In State ex rel. Synod v. Joseph, 139 Ohio St. 229, 39 N.E.2d 515, a zoning ordinance placed a number of uses, including churches, in a "special use" category such as that in the case at bar. A permit to build a church at a desired site was refused, and an action in mandamus was brought to compel its issuance. The relator contended, inter alia, that the special use provisions were unconstitutional because they lacked any standard or guide to govern the exercise of the power. The court held that was no standing to raise the objection, since "the relator cannot be heard to question the validity of the very power the exercise of which relator is, by this action, asking the court to compel." In so holding, however, the court expressed "doubt as to the constitutionality of this portion of the ordinance by which the legislative body of a municipality has sought to delegate to itself, acting jointly with others in an administrative capacity, an unqualified permit-issuing power unaccompanied by any legislative prescription of the circumstances and standards which shall govern its exercise."

It is no answer to say that standards need not be prescribed because in this case the power is vested in a legislative body rather than an administrative one. Instead of obviating the objection this aggravates it. If a body is to act in an administrative capacity the law is clear that standards must be prescribed for the decision of particular cases. If it is acting in a legislative capacity it has no business deciding particular cases at all.

It is not a part of the legislative function to grant permits, make special exceptions, or decide particular cases. Such activities are not legislative but administrative, quasi-judicial, or judicial in character. To place them in the hands of legislative bodies, whose acts as such are not judicially reviewable, is to open the door completely to arbitrary government. I need not dwell at length on the obvious opportunity this affords for special privilege, for the granting of favors to political friends or financial benefactors, for the withholding of permits from those not in the good graces of the authorities, and so on. The rule is familiar enough that courts may not inquire into the motives or reasons on which the legislative body acted. See Village of Justice v. Jamieson, 7 Ill. App.2d 113.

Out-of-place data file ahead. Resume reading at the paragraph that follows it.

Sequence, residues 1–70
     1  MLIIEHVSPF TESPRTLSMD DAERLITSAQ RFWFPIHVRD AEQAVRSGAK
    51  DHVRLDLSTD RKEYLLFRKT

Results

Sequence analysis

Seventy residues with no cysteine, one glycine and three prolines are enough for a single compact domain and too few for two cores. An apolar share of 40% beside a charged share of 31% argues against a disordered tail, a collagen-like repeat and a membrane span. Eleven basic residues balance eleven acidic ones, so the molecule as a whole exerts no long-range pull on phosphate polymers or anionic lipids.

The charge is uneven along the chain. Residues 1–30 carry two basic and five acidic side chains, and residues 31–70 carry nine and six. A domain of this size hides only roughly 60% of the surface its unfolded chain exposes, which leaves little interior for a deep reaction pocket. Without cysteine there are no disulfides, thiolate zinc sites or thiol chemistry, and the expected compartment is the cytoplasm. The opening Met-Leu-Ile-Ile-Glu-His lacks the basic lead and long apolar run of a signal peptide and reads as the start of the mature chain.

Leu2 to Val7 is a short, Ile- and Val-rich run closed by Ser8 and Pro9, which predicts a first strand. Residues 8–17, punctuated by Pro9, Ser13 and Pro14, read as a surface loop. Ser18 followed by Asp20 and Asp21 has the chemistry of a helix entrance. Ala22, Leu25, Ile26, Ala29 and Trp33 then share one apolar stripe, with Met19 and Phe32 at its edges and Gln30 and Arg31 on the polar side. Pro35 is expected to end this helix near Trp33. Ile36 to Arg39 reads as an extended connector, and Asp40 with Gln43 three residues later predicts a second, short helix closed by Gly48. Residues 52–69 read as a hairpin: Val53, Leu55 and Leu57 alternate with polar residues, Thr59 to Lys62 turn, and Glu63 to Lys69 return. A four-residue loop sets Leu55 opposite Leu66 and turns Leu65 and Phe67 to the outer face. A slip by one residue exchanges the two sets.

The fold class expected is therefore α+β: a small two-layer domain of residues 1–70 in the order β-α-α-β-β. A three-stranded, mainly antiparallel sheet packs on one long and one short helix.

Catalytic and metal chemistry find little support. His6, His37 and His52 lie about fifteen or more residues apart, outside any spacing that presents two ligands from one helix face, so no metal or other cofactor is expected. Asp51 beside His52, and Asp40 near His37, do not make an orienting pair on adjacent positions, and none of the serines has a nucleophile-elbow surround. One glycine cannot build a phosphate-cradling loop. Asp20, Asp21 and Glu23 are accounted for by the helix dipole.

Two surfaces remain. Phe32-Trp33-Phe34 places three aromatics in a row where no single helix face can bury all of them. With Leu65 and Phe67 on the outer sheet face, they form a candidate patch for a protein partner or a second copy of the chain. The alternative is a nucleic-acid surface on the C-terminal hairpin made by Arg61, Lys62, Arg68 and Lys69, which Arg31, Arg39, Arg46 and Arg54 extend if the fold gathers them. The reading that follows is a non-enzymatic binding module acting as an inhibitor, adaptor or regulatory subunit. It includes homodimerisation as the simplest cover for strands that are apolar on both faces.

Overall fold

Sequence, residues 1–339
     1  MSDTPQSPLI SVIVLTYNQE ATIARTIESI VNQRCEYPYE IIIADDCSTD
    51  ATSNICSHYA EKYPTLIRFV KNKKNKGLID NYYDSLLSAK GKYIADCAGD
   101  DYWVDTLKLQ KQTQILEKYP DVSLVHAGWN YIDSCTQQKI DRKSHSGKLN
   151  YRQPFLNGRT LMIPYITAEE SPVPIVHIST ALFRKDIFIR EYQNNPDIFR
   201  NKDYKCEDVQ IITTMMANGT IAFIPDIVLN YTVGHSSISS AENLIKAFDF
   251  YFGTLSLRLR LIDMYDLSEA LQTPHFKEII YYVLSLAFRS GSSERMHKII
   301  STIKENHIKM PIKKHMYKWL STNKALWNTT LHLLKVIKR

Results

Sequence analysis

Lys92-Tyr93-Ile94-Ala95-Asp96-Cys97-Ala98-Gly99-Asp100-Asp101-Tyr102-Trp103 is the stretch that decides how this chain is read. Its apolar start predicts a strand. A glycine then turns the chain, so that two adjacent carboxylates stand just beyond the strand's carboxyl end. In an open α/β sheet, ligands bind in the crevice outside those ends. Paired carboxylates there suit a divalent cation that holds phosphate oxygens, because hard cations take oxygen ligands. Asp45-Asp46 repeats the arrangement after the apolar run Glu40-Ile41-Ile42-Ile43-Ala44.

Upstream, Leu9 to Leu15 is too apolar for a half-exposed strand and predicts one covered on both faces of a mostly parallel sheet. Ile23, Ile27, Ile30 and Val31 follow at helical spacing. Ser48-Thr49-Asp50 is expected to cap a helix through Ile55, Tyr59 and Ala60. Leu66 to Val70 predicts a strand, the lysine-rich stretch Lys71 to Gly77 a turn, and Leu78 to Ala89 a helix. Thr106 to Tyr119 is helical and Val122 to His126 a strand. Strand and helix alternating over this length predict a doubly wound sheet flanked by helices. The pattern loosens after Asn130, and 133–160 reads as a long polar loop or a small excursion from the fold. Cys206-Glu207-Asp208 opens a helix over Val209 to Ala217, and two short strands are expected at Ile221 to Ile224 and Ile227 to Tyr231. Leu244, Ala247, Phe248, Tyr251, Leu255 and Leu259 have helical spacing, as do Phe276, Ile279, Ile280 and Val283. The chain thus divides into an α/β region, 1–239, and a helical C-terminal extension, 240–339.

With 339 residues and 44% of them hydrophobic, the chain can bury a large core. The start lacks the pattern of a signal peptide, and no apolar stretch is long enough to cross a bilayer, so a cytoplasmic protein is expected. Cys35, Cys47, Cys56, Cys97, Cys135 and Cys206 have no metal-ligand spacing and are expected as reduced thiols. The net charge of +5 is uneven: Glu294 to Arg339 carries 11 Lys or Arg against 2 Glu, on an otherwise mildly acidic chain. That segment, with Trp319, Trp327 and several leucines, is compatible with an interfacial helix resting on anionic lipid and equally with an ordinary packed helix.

It is because of this immunity from review that legislative bodies must confine themselves to the prescribing of general rules. If they may undertake to confer upon themselves authority to decide what in fact amount to individual or particular cases, the foundations of our legal system will fast disappear.

Concededly it is difficult in zoning matters to formulate a precise test separating legislative from administrative or quasi-judicial functions. For one thing the legislative function of laying down general rules or regulating by district becomes less clear cut in its nature as the size of the district or the number of people affected decreases. It seems to me, however, that there can be no reasonable doubt about the special permit power with which the village attempts to invest itself here. Legislation is essentially prohibitory, operating by laying down general rules. It does not consist in the permitting of conduct or the granting of individual relief. Legislative bodies are not equipped, except in a very broad and general way, to ascertain factual questions which depend upon evidence of individual circumstances. Their function is not to grant permits but to say what facts and conditions should warrant the granting of permits. Stone v. Cray, 89 N.H. 483, 200 A. 517 (1938).